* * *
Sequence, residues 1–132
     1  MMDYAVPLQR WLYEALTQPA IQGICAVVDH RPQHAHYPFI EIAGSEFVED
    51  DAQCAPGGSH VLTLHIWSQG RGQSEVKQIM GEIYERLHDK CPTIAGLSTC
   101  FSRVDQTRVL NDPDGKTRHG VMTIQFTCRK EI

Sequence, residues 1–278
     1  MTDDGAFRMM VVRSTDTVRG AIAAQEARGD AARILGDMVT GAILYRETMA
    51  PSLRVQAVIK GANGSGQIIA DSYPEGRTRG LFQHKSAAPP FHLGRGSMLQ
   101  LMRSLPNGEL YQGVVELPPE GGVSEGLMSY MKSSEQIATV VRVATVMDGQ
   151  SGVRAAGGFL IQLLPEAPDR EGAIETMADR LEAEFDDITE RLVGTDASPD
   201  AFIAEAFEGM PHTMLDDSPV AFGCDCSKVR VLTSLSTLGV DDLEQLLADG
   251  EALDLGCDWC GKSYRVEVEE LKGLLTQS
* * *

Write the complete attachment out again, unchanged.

Sequence, residues 1–132
     1  MMDYAVPLQR WLYEALTQPA IQGICAVVDH RPQHAHYPFI EIAGSEFVED
    51  DAQCAPGGSH VLTLHIWSQG RGQSEVKQIM GEIYERLHDK CPTIAGLSTC
   101  FSRVDQTRVL NDPDGKTRHG VMTIQFTCRK EI

Sequence, residues 1–278
     1  MTDDGAFRMM VVRSTDTVRG AIAAQEARGD AARILGDMVT GAILYRETMA
    51  PSLRVQAVIK GANGSGQIIA DSYPEGRTRG LFQHKSAAPP FHLGRGSMLQ
   101  LMRSLPNGEL YQGVVELPPE GGVSEGLMSY MKSSEQIATV VRVATVMDGQ
   151  SGVRAAGGFL IQLLPEAPDR EGAIETMADR LEAEFDDITE RLVGTDASPD
   201  AFIAEAFEGM PHTMLDDSPV AFGCDCSKVR VLTSLSTLGV DDLEQLLADG
   251  EALDLGCDWC GKSYRVEVEE LKGLLTQS